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Author Topic: help with guitar ID  (Read 5123 times)

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Offline Prof Scratchy

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Re: help with guitar ID
« Reply #15 on: May 06, 2006, 07:54:06 AM »
Thanks a lot, Dabluz - you and Todd seem to pretty much concur on this. Meanwhile, here's the picture of the twelve string I meant to post the other day but failed miserably - Todd has some ideas about this one which he's shared already by email. What do others think?

[attachment deleted by admin]

dabluz

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Re: help with guitar ID
« Reply #16 on: May 06, 2006, 11:56:42 AM »
i bet if you take a mirror and look inside on the top by the bridge plate or there abouts you will see in pencil "john ? (can't remember his last name)" " a date " and "dayton, ohio". sure looks like one i worked on a couple of years ago. six string version.

Offline harpe

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Re: help with guitar ID
« Reply #17 on: May 18, 2006, 06:28:53 AM »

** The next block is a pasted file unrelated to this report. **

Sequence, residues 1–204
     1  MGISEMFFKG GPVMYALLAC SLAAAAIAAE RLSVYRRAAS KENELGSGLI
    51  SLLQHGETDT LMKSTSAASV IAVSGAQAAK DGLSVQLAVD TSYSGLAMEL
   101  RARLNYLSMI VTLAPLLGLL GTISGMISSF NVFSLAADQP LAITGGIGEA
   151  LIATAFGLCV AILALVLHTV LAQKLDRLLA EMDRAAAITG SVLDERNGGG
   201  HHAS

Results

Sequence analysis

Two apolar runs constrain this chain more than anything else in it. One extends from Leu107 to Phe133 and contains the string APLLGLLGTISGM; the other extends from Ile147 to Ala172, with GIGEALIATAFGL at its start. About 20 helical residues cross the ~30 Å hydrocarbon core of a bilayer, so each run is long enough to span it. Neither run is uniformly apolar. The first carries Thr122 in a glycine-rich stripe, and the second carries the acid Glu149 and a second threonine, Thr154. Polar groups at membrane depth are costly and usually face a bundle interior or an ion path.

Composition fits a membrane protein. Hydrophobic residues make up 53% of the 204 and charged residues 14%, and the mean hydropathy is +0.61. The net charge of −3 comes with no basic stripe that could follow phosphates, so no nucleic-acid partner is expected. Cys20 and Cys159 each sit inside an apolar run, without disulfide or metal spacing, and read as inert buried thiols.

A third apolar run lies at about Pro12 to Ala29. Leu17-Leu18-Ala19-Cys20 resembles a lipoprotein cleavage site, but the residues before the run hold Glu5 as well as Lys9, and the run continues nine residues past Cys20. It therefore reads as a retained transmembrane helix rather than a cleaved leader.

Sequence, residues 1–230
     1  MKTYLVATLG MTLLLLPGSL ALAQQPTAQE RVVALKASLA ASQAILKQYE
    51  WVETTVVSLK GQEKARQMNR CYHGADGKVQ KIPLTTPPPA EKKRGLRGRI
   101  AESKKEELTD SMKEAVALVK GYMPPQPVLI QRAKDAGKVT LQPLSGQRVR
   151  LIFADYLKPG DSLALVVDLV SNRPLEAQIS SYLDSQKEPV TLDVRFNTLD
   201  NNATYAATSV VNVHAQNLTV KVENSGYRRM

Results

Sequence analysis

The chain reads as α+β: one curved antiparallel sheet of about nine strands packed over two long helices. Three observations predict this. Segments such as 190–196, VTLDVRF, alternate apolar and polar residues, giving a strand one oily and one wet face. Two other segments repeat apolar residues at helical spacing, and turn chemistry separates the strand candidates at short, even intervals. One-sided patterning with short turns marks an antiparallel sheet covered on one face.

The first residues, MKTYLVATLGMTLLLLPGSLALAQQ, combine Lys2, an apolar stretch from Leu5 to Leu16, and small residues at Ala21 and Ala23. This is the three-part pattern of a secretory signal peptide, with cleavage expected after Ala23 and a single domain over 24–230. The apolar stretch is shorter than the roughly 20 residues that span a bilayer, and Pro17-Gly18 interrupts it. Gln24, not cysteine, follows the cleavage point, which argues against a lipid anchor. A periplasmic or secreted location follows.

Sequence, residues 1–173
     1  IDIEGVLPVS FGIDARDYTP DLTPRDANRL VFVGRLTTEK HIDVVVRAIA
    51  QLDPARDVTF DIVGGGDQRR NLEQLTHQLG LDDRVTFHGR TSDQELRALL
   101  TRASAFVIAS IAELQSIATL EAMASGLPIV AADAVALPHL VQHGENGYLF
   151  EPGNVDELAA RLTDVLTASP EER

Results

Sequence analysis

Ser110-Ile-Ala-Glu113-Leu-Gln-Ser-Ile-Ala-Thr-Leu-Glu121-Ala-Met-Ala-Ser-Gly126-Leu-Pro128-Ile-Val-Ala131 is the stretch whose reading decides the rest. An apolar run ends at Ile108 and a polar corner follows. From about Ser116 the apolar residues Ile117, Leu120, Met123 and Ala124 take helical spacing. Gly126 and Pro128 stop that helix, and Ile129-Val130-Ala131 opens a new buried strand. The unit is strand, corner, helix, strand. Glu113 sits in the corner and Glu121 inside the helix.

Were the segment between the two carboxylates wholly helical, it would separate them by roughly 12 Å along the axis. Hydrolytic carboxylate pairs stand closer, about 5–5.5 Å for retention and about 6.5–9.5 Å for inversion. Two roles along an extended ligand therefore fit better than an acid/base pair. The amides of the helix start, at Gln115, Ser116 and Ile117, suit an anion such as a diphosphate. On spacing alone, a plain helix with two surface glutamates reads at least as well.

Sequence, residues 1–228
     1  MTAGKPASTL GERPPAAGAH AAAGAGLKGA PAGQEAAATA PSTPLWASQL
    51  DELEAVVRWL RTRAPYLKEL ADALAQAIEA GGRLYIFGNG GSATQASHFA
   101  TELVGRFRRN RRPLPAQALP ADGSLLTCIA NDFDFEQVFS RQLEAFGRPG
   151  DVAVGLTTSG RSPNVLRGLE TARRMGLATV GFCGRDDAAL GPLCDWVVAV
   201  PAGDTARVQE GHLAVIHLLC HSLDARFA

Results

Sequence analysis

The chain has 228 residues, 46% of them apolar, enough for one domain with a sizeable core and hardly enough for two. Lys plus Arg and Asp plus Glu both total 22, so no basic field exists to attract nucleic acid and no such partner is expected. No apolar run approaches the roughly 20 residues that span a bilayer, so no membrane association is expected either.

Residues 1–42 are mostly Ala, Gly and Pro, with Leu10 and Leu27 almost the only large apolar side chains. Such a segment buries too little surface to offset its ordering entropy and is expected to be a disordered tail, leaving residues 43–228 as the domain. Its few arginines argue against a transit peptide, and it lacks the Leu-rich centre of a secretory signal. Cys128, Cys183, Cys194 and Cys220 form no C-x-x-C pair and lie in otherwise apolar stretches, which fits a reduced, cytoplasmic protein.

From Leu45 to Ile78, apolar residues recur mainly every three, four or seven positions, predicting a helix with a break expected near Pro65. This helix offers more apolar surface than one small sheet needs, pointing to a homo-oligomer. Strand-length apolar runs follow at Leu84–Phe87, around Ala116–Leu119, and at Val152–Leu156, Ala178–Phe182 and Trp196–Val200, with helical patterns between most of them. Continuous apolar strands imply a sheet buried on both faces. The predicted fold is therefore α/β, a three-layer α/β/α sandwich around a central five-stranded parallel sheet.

The no-name 12-string is most likely a Chicago-made guitar (Regal, L&H). I had a 6-string jumbo/auditorium guitar just like it not too long ago (same body shape and appointments). I have seen guitars with this same purfling and Rosette in at least four body sizes that were marked "Regal", "Stering" and "Galiano".

The tailpiece is the kind used mostly by Schmidt and differs from the 12-string tailpiece typically used by Regal, Harmony and other Chicago makers. However, this is definitely not a Schmidt guitar (wrong body shape). This leads me to wonder... could this be a conversion from what was once a 6-string guitar? The old style tailpieces are extremely rare. Having found one someplace (Ebay, for example), and having a good doner body, it's not much of a stretch to imagine someone fashioning a new neck and...

Incidentally, although many "Galiano" guitars were made by Oscar Schmidt, many were not. The Galiano folks also bought guitars from Regal, Harmony and Kay (among others) as well as building guitars in their own New York City shop.

Neil Harpe

Offline Prof Scratchy